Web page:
Despite the Westminster government doing so much to deny this country’s cultural origins, the future of the European experience could well rest in African hands. Déjà vu? Then it was the Arabs / Muslims who saved Classical (European) knowledge when the light went out in that continent’s so-called Dark Ages and it was their contribution that paved the way for the European Renaissance.
Africans an integral part of national identity
This will be an important year for the Commonwealth, and especially for the African diasporan communities. 125 years after the Diamond Jubilee of Queen Victoria initiated the high point of imperial sentiment, both Jamaica and Trinidad & Tobago will celebrate their 60th independence anniversaries. And it was said then that Black people, having once been subjected to slavery, were unable to govern themselves!
Our present time has been marked, and marred by vicious reactions to immigration, foreign and social policies as the first Elizabethan Age was stigmatised by the onset of slavery and the ferocity of religious conflict.
Even though injustice and social imbalance remain conspicuously present, much of the sting has gone out of the personal animosity stirred up in recent years. The message of Black Lives Matter has broken through in a big way. Whether it is a permanent shift in outlook, or a temporary trend, depends on all of us.
Africans are more visible now than they have ever been – in newspapers and magazines, in television drama, cookery and culture, in commercial advertisements and the more confident walk on the streets.
The last point arises from the African communities being vibrant, with people having more money in their pockets to spend; and, because of that, they are recognised as being an integral part of the national framework. That could not have been said even a short time ago.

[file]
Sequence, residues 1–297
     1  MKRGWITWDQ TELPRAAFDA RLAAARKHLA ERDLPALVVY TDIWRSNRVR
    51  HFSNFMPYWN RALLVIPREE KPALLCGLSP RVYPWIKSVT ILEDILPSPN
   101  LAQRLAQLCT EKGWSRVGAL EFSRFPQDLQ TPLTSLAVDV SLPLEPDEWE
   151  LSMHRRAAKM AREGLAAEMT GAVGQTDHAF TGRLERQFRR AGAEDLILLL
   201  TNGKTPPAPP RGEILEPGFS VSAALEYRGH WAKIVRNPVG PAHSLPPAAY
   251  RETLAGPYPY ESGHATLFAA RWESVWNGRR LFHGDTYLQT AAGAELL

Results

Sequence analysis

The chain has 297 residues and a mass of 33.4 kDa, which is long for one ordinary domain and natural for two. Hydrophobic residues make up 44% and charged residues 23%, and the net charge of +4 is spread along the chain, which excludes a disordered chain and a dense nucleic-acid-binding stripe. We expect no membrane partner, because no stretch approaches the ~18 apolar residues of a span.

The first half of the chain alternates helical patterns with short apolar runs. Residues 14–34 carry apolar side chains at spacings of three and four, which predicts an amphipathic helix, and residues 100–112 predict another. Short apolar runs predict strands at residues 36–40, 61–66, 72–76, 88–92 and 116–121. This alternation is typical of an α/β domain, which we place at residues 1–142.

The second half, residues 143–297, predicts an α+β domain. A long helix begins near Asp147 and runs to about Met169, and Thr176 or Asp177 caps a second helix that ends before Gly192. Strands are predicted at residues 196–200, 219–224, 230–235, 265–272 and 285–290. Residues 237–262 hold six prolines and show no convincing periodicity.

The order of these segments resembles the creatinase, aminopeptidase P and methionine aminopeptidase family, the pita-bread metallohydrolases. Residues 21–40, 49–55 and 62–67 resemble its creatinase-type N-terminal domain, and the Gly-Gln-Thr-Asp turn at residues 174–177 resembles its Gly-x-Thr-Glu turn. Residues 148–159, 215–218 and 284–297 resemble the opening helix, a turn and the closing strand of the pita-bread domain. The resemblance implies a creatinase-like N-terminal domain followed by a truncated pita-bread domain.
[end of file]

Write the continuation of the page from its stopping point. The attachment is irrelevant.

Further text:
But that is the conundrum for a country that on the other hand does not seem to be able to break free from what it has wished on itself and its people in a mood of madness.
In my 79-year lifetime, I have not known a previous UK government in which such apparent lust to wield power has been used to such damaging effect against its own country’s interests. And it is still not even half-way into its term of office!
We can start by learning to hope once more. Dramatist Christopher Marlowe, a leading figure in that first Elizabethan Age, wrote the play Dr Faustus about a man who sold his soul to the devil for ephemeral gratification. When he realised what he had done, and the predicament he was in, Faustus begged Helen, the object of his desire … Give me my soul again.
Give me my soul again – there is no better wish for our country and ourselves as we turn another page in this new Faustian year.